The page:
For example, in the United States, President Obama's Chief Information Officer for the Executive Branch of the Federal Government recently launched a new website, Data.gov, with the specific purpose of increasing "public access to high value, machine readable datasets" which is a critical step to bring about the creation and utilization of online political engagement.

Critical, but only a first step. Data from other parts of the government, such as local and state run institutions, are still in need of exposure. Those application developers who are just starting to incorporate these new repositories of open data into their social applications will be able to expose important and interesting information to the public at large.

A trend to keep an eye on, even if you're not a technologist. As Thomas Jefferson said in his First Inaugural Address, "The diffusion of information and the arraignment of all abuses at the bar of public reason, I deem the essential principles of our government."

Push the Button Frank

| | | |
A Big Red button

Image via Wikipedia

Well his name might not be Frank, but someone pushed the big red button on Technorati today. For those who are unaware, Technorati, the "search engine for blogs" has been around about as long as there have been blogs to search for. In fact, according to Wikipedia as of June 2008 Technorati indexed 112.8 millions blogs.

"So?" I hear you asking.

So, along with indexing blogs and ranking them, Technorati has added "original" content to their various "channels." Along with articles from a number of different authors from around the world is an article entitled Adding Government to the Social Web written by yours truly.


So, go check it out. But fear not, I'm not giving up on this personal site. Not everything I'm working on is going to be suitable for Technorati and after a few days any articles I do write for Technorati will make their way here.

So, sit back, relax and enjoy the show.

My Social Graphs

| | | |

One of the cheap thrills of social networking is the ability to map out a social graph of one's own friends and family. I recently came across this overview on Mashable of a couple of nice visualization apps and well, I couldn't resist.....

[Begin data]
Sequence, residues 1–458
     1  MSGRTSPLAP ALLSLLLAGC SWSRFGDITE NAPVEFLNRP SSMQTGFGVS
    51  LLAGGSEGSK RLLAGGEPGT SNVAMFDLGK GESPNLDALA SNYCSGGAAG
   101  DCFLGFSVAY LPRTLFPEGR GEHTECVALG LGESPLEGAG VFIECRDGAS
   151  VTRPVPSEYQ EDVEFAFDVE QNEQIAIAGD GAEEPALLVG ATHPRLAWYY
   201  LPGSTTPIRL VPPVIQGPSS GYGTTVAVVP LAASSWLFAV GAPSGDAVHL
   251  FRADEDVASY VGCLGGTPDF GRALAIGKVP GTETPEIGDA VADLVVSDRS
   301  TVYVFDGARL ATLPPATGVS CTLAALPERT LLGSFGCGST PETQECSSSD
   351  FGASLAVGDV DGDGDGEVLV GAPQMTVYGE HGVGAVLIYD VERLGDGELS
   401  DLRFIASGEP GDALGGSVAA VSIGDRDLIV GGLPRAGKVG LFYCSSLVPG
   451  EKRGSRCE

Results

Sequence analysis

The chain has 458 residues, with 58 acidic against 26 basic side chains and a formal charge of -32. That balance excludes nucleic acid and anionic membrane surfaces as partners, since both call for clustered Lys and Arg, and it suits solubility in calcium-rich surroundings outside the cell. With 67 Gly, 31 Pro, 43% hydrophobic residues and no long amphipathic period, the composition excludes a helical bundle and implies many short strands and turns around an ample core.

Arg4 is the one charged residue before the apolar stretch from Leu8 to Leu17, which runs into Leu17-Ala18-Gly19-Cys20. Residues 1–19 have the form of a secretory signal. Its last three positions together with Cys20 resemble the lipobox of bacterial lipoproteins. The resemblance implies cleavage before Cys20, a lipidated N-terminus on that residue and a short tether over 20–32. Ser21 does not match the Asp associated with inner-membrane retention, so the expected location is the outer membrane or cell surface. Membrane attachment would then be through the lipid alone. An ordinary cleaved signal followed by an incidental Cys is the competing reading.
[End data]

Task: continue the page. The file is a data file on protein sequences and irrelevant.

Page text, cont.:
facebook_nexus.pngMy Facebook Network via Nexus, Click Image to View Fullsize.

This first graph is via Nexus. The static image doesn't quite do the complete app justice, since it not just maps out the graph, but labels individuals and provides functions for traversing the network interactively to identify individual and group relationships.

For example, in the case of my social network as managed on Facebook, one of the largest group of individuals, bottom-half-right of the graph, are friends from the Obama campaign. Unsurprising this group is tightly interconnected with relationships between various individuals who all worked together on the campaign.

Related to this group, bottom-half-left, are friends from the Inaugural Committee. Naturally the two groups have many people in common.

The second largest group, upper-half, are friends and family starting with my wife, Katie. Again not too surprising, after nine years of living together, we share a number of friends and family in common. Nor is it as surprising that these relationships are not as tightly integrated as between those who worked on the campaign.

But what is interesting is something we discovered a while back, that besides me, there are a few other individuals that connected our loose group of friends and family with the tight grouping of former campaign staffers.

facebook_friend_wheel.gifMy Facebook Network via Friend Wheel, Click Image to View Fullsize.

Friend Wheel provides the same social graph, but as a radial graph. Nexus can do the same thing, but Friend Wheel can also do the same thing for Twitter:

twitter_twitter.gifMy Twitter Network via Friend Wheel, Click Image to View Fullsize.

Of course with Twitter one doesn't have to approve a relationship for the connection to exist, which helps one reach outside of one's social network. So this isn't so much a graph of shared social connections as it is a graph of shared social interests.

So, unsurprisingly there is some sort of relationship/shared interests between NASA, The White House, the U.S. HSF Committee.

Oddly, there doesn't seem to be any shared connection/interest between "Barack Obama" and Ozzie Guillen, Jr. Go figure!?! And yes, I do have an odd little assortment of people I'm following on Twitter at the moment, thanks for noticing..

About the Author

Paul is a technologist and all around nice guy for technology oriented organizations and parties. Besides maintaining this blog and website you can follow Paul's particular pontifications on the Life Universe and Everything on Twitter.


Add to Google Reader or Homepage
Add to My AOL

Add to netvibes
Subscribe in Bloglines
Add to Technorati Favorites

Movable Type Pro